Road trip movies have been around forever. In fact, most lists of the top films in the genre will include 1934’s “It Happened One Night,” directed by Frank Capra and starring Clark Gable and Claudette Colbert. And from 1940 to 1962 Bob Hope and Bing Crosby added seven of their road films to the list that has become almost endless today.
Although I am not a big fan of this type of movie, I will admit that, like everyone else, I have my favorites that include “Little Miss Sunshine,” “Almost Famous,” “Thelma & Louise,” “Rain Man,” and “National Lampoon’s Vacation.” In my humble opinion, films like these qualify for a place in the Road Trip Films Hall of Fame.
The most recent contribution to the road trip genre is “Due Date,” starring Robert Downey Jr. and Zach Galifianakis, and because I consider Downey Jr. one of Hollywood’s most talented actors (I rank him right up there with Johnny Depp as a performer who refuses to be typecast.), I was really looking forward to this movie. But despite the efforts of Downey Jr. and Galifianakis, the film is mediocre at best, and it certainly is one that I could never sit through again.
Downey portrays Peter Highman, a Los Angeles architect who has been in Atlanta on a business trip. Peter and his wife, Sarah (Michelle Monaghan), are expecting their first child in five days, and he is eager to get home so to be with her when she delivers. While he’s at the airport, he meets a guy named Ethan Tremblay (Galifianakis), an eccentric actor with an equally idiosyncratic bulldog. Through a series of circumstances too detailed to delineate here Ethan manages to get both of them banned from the plane and placed on a no-fly list.
Now Peter has a real problem. He has lost his luggage and his wallet, so he has no money, no identification, and no transportation. As he is outside the airport considering his options, Ethan shows behind the wheel of a car and offers Peter a ride home. However, Peter still is very angry about the trouble Ethan has caused, and he sets some guidelines before he accepts the ride.
“If you’re going to travel with me to Los Angeles I have to give you a couple of guidelines. Number one: don’t ask me a single question.”
But Ethan makes it quite clear that he is not about to let Peter walk all over him.
“Guess who’s got the Subaru Impreza? Me! Guess who’s got the winning personality? Me! What do you have? You have a nice hairline. Fine. You have a strong jaw. But I gotta tell you, mister, your personality needs some work.”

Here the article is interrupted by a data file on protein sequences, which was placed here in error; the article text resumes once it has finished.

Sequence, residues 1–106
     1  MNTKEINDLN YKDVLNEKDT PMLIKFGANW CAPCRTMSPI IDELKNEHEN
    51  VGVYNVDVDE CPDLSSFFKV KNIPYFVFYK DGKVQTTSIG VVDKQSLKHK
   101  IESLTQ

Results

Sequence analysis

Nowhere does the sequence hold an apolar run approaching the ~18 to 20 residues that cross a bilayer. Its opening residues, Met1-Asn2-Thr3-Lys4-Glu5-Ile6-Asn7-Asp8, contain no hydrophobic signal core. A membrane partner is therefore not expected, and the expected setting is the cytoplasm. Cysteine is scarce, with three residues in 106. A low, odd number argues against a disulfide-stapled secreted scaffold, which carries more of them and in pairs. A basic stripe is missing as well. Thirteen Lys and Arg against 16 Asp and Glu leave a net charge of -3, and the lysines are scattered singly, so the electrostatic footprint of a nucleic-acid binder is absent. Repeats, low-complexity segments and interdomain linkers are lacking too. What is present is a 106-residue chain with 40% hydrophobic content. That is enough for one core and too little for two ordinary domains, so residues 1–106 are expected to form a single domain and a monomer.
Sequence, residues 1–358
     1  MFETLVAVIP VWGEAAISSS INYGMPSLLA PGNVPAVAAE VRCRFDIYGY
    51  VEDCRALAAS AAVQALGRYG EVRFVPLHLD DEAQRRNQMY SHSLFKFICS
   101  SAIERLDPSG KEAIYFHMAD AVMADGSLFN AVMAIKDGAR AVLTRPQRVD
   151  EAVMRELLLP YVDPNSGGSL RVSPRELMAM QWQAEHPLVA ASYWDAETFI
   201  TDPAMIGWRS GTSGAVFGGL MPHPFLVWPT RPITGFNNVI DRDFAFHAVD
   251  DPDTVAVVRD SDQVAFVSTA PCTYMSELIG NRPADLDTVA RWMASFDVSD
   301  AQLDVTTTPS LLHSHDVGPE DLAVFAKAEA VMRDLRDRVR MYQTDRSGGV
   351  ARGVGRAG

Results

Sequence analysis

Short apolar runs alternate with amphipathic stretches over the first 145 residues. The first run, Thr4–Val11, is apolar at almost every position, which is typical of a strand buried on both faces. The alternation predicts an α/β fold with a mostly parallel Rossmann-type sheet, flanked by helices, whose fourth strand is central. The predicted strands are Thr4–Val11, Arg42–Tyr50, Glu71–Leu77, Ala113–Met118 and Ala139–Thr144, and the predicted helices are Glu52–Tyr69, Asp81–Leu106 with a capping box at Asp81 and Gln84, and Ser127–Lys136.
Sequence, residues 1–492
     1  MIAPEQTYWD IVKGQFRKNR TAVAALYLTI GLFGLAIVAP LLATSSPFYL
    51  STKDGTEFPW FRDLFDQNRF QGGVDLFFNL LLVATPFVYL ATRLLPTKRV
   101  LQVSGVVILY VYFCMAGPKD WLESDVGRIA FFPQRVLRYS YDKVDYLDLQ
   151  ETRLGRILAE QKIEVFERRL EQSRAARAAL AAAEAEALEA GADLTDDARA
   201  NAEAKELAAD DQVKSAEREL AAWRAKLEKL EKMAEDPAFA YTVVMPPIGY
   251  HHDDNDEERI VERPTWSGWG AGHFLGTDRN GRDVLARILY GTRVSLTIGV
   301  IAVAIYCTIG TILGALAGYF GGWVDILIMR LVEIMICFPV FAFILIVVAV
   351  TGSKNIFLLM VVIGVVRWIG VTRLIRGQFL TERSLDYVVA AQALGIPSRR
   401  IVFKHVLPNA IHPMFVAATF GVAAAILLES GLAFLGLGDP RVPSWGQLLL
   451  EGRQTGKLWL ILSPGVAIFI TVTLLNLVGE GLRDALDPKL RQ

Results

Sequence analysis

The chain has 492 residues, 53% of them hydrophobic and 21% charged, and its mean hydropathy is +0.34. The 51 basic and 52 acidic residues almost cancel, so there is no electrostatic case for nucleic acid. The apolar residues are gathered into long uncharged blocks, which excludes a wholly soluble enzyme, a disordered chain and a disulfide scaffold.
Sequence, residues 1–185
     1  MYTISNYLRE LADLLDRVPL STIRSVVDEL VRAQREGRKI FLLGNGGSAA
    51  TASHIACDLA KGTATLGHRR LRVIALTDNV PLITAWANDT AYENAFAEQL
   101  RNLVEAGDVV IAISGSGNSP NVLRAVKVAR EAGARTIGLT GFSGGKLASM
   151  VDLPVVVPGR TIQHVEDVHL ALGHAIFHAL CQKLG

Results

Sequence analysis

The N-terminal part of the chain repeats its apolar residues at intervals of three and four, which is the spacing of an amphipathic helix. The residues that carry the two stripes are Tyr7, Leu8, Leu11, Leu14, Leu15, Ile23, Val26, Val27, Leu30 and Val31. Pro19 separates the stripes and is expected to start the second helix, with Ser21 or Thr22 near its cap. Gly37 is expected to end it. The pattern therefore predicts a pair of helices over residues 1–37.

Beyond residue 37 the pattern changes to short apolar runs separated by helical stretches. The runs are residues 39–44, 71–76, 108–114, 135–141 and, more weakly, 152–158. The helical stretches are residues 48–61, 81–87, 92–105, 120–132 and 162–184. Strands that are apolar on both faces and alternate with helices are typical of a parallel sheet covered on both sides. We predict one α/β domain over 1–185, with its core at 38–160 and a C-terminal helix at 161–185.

Peter gets into the car, and the road trip is on.
As you would expect, the trip from Atlanta to Los Angeles is a rocky one filled with various adventures along the way, and, of course, Peter’s attempt to be at Sarah’s side when she has their baby goes down to the wire. And the scene where he is racing through the hospital to find his wife is one of the best in the movie.
Another very good scene is the one where Ethan stops to buy marijuana for his glaucoma. Juliette Lewis plays his drug dealer, and she really makes the best of her small part here. Lewis is particularly gifted at portraying quirky characters, and she makes Heidi a real hoot.
Much of the humor in the film is generated by the vast difference in personalities between Peter and Ethan. The former is a rather conservative and serious professional whereas the latter is a pot-smoking, free spirit. In the film’s production notes, Downey offered a perceptive analysis of both Ethan and Peter.
“If there really was somebody like Ethan around, he’d have been strangled in his sleep long ago. He’s like a laser beam that focuses on the one thing that will drive you crazy the most, the kind of guy who will eat a whole plate of waffles before mentioning he’s allergic to waffles. I’m sure a lot of people know someone like this, someone who is perfectly wired to activate all of their irritation buttons. He’s (Peter) kind of an edgy, controlling, judgmental guy with some anger-management issues. And who better to help him explore those issues than Ethan Tremblay? High-strung as he is normally, Peter is now facing the birth of his first child and is thrown into this nightmare, so it’s all amped up.”
And Galifianakis offered this insight into his character.
“Nothing affects him, no insult seems to penetrate. Ethan lives in his own head. He has no talent, and he’s on his way to Hollywood to capitalize on that. These two guys meet through a series of unfortunate circumstances that are entirely Ethan’s fault, to which he is completely oblivious. And every bad thing that happens from that point on is Ethan’s fault. Everything.”
In addition to containing far too many filler scenes showing a moving car, this movie was much too short on humor to make it an effective comedy. I also thought the chemistry between Downey and Galifianakis lacked any real electricity. In fact there were places in the film where Downey actually appeared to be bored with his role. This is disappointing because Todd Phillips directed the film, and he also was the guy behind the camera for “The Hangover,” and that was a very funny film in places.
If you go to see “Due Date” (We’ll give it a final score of 5.) expecting to be rolling in aisles in the throes of gales of laughter, forget it. The film does offer a few humorous bits, but overall it is pretty much of a flop. In fact this road trip movie isn’t really worth making the trip to theater.